America is currently facing a retirement crisis.  It is commonly agreed that a best practice to decrease the coverage gap is by encouraging Americans to save for retirement via an employer sponsored 401(k). However, there are two major hurdles for employers in offering a 401(k) plan: cost and administrative burdens. In this article we will dive into the cost aspect of a 401(k) plan and how Congress is trying to get 401(k)’s in motion by dangling a metaphorical carrot in front of the rabbit.

In December of 2019 the Setting Every Community Up for Retirement Enhancement (SECURE) was passed through Congress.  This piece of legislation includes two tax credits to employers in regard to their 401(k) plans. 

The Start-Up 401(k) Tax Credit is available to business owners who haven’t had a 401(k) plan within the last three years. Additionally, the exact IRS verbiage of the credit amount is as follows:

The credit is 50% of your eligible startup costs, up to the greater of:

  • $500; or
  • The lesser of:
    • $250 multiplied by the number of Non-Highly Compensated Employees (NHCE’s) who are eligible to participate in the plan, or
    • $5,000.

Essentially to figure out how much of a credit you’ll receive, you must first evaluate the costs the business will cover. With a startup plan, it might make sense for the business to pay the advisory fee, recordkeeping fee and third-party administration fee out of pocket. Not only are these business expenses eligible for the tax credit, but this strategy allows the employees to build up their savings in the first few years. After you figure out the total expenses the business will cover, you’ll need to figure out how many non-highly compensated employees (NHCEs) will be in the plan and multiply that by $250. You’ll then use whichever number is less: what you calculated or $5,000. But remember – the credit is only for up to 50% of start up costs. So if your total costs are $5,000, the maximum credit possible is $2,500. I know what you’re thinking, if only tax laws could be simple, right?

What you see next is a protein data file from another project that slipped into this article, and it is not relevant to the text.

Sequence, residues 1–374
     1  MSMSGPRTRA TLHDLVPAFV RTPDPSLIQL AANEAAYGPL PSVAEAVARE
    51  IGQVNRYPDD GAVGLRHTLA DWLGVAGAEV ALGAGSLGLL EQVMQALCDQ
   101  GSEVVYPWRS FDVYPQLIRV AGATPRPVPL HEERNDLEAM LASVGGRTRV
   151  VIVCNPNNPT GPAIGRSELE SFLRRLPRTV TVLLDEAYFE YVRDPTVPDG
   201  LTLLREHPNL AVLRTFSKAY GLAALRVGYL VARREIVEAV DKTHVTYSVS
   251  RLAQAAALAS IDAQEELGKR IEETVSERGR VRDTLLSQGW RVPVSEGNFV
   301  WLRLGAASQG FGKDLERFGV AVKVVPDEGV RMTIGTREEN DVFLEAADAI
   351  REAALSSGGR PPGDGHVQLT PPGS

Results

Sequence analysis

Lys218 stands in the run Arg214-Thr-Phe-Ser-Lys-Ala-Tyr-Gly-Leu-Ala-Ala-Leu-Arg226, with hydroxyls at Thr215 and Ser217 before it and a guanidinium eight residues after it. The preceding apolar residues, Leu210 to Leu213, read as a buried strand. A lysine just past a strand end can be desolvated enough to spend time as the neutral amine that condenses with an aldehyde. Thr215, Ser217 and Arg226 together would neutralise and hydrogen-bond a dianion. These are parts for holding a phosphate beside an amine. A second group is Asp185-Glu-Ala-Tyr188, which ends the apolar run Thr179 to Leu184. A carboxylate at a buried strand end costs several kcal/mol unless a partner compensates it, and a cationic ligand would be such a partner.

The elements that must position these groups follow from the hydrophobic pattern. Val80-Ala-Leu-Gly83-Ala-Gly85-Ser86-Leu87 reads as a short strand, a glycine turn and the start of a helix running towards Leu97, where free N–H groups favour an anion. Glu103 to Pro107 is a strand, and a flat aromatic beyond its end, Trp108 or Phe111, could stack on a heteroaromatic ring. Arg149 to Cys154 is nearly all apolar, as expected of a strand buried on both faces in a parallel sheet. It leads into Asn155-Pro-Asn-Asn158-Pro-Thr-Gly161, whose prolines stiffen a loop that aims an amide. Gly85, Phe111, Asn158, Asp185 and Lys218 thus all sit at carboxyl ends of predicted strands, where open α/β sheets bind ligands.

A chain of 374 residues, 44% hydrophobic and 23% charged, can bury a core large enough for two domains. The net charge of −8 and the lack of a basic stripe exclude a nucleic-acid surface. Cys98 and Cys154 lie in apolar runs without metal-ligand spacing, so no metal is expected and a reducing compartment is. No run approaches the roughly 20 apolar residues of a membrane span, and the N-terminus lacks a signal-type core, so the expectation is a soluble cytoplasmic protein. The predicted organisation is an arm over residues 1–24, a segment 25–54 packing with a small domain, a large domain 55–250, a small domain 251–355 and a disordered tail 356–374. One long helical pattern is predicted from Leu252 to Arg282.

The second tax credit is the Automatic Enrollment tax credit.  To encourage employers to add an automatic enrollment provision to their plan, the government is giving a $500 per year tax credit for three years.  With automatic enrollment, once an employee becomes eligible for a workplace plan they’re automatically enrolled to defer into the plan at a certain percentage of wages.  Employees can change their percentage or opt-out of the deferral entirely.  The thought process here is a “gentle nudge” or taking the path of least resistance will get employees saving in the plan more quickly and typically at larger rates.

If you have any questions about how these tax credits could help your company offset the costs of starting a retirement plan or more efficiently help employees save for retirement, please contact Kampstra Wealth Management by emailing